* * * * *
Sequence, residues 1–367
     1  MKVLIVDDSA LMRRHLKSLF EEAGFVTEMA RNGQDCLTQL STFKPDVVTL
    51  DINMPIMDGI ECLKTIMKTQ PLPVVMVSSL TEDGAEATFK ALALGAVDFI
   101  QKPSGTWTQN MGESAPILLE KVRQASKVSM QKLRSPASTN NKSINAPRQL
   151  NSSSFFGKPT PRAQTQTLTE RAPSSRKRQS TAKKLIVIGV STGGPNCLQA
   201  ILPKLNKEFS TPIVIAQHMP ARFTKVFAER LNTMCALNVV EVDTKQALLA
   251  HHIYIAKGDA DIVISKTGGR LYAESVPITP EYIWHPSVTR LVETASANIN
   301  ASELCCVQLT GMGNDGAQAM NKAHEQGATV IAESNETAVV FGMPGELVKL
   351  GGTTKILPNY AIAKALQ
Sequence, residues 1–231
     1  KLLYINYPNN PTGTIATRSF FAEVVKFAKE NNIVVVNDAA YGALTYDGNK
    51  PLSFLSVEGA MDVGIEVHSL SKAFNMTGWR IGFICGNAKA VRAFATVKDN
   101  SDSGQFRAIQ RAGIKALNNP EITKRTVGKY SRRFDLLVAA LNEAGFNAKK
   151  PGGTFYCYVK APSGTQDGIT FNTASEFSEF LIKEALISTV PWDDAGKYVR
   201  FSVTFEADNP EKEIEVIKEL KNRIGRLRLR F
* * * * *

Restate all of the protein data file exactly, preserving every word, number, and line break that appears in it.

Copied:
Sequence, residues 1–367
     1  MKVLIVDDSA LMRRHLKSLF EEAGFVTEMA RNGQDCLTQL STFKPDVVTL
    51  DINMPIMDGI ECLKTIMKTQ PLPVVMVSSL TEDGAEATFK ALALGAVDFI
   101  QKPSGTWTQN MGESAPILLE KVRQASKVSM QKLRSPASTN NKSINAPRQL
   151  NSSSFFGKPT PRAQTQTLTE RAPSSRKRQS TAKKLIVIGV STGGPNCLQA
   201  ILPKLNKEFS TPIVIAQHMP ARFTKVFAER LNTMCALNVV EVDTKQALLA
   251  HHIYIAKGDA DIVISKTGGR LYAESVPITP EYIWHPSVTR LVETASANIN
   301  ASELCCVQLT GMGNDGAQAM NKAHEQGATV IAESNETAVV FGMPGELVKL
   351  GGTTKILPNY AIAKALQ
Sequence, residues 1–231
     1  KLLYINYPNN PTGTIATRSF FAEVVKFAKE NNIVVVNDAA YGALTYDGNK
    51  PLSFLSVEGA MDVGIEVHSL SKAFNMTGWR IGFICGNAKA VRAFATVKDN
   101  SDSGQFRAIQ RAGIKALNNP EITKRTVGKY SRRFDLLVAA LNEAGFNAKK
   151  PGGTFYCYVK APSGTQDGIT FNTASEFSEF LIKEALISTV PWDDAGKYVR
   201  FSVTFEADNP EKEIEVIKEL KNRIGRLRLR F